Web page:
It is too early to say whether used values of Volkswagen, Audi, Škoda and Seat cars will be affected by the emissions scandal, but could air quality issues yet drive down the price of diesel cars?
In the past few weeks, CAP Automotive reported some weakness on Golf diesel 1.6-litre TDI 105ps, but said this could be attributed to higher volumes in the market over the past few months.
Trade values of Volkswagen used diesel cars in the Glass’s database showed there was a 0.2% drop in values last month. However, the overall market in the same period had risen by 2.8%, meaning that Volkswagen’s values are trailing the market by 3%.
Rupert Pontin, head of valuations at Glass’s, said: “We have seen a small downward movement for Volkswagen Group.”
However, he added: “We have not looked at it in the detail we would like to. We’re in the process of doing that, but it does not come as a surprise to see a slight downturn. This is a situation that has never been seen before in the UK. It’s the consumer that will decide what will ultimately happen.”
Derren Martin, CAP black book editor, said: “We are not discounting the fact that there may be some short-term impact on prices across the marques in the Volkswagen Group over the coming weeks, due to the amount of negative media coverage. However, we haven’t seen it yet. But we will continue to monitor the situation.”
The residual values (RVs) of all diesel cars could be impacted, however, if proposals from the Department for Environment, Food and Rural Affairs (DEFRA) are adopted.
They include the introduction of so-called Clean Air Zones, which could result in diesel models being banned from areas where pollutants are particularly high.
Pontin warned: “A ban would be catastrophic, because it would make any diesel car impractical to use on a daily basis.
“The other consideration is how goods and services would be delivered, as often it is commercial vehicles that create the largest pollution risk and the general public would just not understand a ban on diesel for them and not for industry.”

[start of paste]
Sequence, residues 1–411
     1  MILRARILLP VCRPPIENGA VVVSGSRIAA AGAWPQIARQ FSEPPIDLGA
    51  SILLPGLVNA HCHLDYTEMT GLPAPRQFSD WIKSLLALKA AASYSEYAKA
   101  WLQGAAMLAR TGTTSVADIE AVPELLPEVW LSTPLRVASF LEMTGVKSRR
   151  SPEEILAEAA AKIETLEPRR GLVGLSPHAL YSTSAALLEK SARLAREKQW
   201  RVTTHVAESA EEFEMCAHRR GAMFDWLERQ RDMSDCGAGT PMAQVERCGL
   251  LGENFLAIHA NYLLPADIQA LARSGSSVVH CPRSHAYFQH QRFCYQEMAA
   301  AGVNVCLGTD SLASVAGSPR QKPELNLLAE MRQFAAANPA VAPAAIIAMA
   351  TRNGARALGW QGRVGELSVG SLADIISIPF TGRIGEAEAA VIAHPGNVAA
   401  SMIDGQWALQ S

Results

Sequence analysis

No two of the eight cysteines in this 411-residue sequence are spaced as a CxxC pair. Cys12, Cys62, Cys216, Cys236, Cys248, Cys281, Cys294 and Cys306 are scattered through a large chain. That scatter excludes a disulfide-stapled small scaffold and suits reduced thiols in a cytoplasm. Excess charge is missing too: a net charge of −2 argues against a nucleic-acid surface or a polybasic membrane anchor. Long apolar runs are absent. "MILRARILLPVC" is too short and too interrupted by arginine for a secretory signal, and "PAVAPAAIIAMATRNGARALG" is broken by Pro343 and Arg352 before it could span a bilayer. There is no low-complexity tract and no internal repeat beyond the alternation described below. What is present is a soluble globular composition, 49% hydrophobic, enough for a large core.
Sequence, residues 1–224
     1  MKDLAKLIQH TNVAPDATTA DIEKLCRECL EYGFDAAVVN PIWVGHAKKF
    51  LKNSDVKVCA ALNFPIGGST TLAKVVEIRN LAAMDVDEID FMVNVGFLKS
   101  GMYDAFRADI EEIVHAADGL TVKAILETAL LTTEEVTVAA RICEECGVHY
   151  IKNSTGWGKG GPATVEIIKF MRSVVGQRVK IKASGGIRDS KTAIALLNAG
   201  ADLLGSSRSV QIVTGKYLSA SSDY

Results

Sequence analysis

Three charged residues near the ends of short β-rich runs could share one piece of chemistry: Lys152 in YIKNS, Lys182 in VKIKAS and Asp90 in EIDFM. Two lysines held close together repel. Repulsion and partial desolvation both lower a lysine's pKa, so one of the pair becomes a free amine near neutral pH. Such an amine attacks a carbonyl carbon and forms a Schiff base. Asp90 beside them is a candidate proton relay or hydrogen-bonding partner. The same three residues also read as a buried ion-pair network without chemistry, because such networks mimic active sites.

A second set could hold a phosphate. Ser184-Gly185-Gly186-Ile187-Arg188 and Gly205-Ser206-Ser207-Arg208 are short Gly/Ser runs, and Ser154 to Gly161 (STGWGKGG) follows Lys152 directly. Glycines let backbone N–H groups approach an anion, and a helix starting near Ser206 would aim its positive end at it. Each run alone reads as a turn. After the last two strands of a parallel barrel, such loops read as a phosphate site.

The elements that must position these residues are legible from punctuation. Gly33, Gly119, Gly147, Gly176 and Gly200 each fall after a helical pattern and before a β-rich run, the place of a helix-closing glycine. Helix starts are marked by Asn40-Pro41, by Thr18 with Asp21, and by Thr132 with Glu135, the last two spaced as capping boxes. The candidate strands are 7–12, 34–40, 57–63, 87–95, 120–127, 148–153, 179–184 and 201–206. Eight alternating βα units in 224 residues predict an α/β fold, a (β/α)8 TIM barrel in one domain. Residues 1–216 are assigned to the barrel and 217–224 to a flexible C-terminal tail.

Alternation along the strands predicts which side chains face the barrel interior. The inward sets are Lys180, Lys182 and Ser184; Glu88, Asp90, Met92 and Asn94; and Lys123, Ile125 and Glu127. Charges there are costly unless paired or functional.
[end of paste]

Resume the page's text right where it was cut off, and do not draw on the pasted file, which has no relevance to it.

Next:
Pontin suggested that a “more feasible option” would be a “pollution charge” in towns and cities, although he admitted that it would also have “a very negative effect on values as running costs would effectively increase very rapidly”.
“Thousands of owners would be forced to change their cars,” he said.
He urged fleet decision-makers to plan ahead and act on vehicle replacement cycles as soon as DEFRA sets out details of the full framework for Clean Air Zones in early 2016.
Dylan Setterfield, CAP’s senior forecasting editor, said: “We would not expect any impact on used values for cars of five years old or less. Older cars, particularly diesel, could well be affected.”
Although details of Clean Air Zone emissions-based urban access controls and timescales for their introduction by local authorities nationwide have yet to be announced, rules announced by Transport for London (TfL) for the capital’s Ultra Low Emission Zone (ULEZ) may offer guidance.
That will be introduced on September 7, 2020 giving, free access to central London for Euro 6-compliant diesel vehicles and Euro 4-compliant petrol vehicles. Any vehicles that do not meet those standards must pay a charge: £12.50 per day for cars and vans and £100 per day for vehicles above 3.5 tonnes, buses and coaches.
“The newest diesel cars are far, far less environmentally damaging than their predecessors. There is a tremendous difference between today’s new cars and the oldest diesel engines still running, some of which even pre-date common rail technology,” said Setterfield.
“The days of the old fashioned dirty, smelly, noisy diesel engines are almost over.
“NOx is an issue that the industry should have tackled sooner, but the priorities were effectively set by governments and the European Union focusing on CO2 emissions.
“It is unlikely that the focus on CO2 will change in the medium term, given that everyone is still working towards aggressive emissions reduction targets which extend out to 2021.”